Sphenopalatine ganglion (SPG) neurostimulator placement for treatment of severe headaches using a trans-oral posterior maxillary approach

Background and objectives: The SPG plays a primary role in the pathogenesis of pain and autonomic symptoms associated with primary headaches. Our objective is to analyze the results from the initial surgical experiences.

Methods: Patients were implanted with a miniaturized neurostimulator using a minimally invasive trans-oral technique under general anaesthesia. The neurostimulator, which consists of an integral lead, body and fixation plate, is implanted such that the distal lead is within the pterygopalatine fossa and the fixation plate is anchored on the zygomaticomaxillary buttress.

Results: Ninety patients have undergone implantation of the ATITM Neurostimulator. Surgeries have been performed by 14 surgeons; 97% of cases have resulted in successful implantation and no infections resulting in explants occurred. With experience, the absolute time and standard deviation of the surgical duration is reduced by a third. Typical post surgical adverse events were reported, including sensory nerve dysfunction and pain, in most patients. These surgical sequelae are typically mild and resolve within 90 days. These sequelae and their severities have decreased since the introduction of a new surgical instrument.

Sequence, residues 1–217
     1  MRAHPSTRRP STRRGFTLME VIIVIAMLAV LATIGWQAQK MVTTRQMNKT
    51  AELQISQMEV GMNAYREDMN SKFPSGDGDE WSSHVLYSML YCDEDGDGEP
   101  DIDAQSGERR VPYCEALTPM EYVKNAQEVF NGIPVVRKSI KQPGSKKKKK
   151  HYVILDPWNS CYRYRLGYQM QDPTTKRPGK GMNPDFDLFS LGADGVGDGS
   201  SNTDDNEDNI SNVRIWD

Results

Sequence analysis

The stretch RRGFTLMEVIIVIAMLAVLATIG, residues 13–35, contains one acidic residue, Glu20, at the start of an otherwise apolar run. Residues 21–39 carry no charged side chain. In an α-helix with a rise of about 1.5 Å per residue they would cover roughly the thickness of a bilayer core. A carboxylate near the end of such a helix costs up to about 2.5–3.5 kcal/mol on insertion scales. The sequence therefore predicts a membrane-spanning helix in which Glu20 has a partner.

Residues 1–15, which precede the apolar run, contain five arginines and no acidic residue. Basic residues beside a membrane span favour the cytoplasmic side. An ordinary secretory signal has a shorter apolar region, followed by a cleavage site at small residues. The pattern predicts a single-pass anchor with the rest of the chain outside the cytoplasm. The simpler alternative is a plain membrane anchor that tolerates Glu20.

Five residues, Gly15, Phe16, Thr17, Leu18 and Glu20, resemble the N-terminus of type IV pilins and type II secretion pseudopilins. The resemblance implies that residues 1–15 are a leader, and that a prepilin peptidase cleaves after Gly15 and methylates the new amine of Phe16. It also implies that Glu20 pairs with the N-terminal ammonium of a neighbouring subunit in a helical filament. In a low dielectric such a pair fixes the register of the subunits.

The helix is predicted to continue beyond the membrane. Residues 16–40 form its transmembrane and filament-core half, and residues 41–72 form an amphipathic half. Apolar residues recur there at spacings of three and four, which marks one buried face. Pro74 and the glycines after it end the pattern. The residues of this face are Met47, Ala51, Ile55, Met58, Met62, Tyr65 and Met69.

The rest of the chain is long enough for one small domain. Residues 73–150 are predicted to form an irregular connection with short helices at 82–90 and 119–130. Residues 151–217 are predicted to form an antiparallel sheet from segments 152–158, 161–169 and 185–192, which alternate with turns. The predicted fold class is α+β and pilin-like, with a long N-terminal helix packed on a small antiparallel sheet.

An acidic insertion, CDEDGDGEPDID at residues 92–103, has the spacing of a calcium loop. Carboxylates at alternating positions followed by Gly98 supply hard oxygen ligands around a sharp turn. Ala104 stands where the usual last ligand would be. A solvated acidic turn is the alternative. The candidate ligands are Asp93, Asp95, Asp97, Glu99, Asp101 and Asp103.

Conclusions: The initial experience with this procedure has shown an acceptable safety profile and risk-benefit profile for patients who suffer from severe, medically intractable headaches.

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Jan 21, 2018 | Posted by in Oral and Maxillofacial Surgery | Comments Off on Sphenopalatine ganglion (SPG) neurostimulator placement for treatment of severe headaches using a trans-oral posterior maxillary approach
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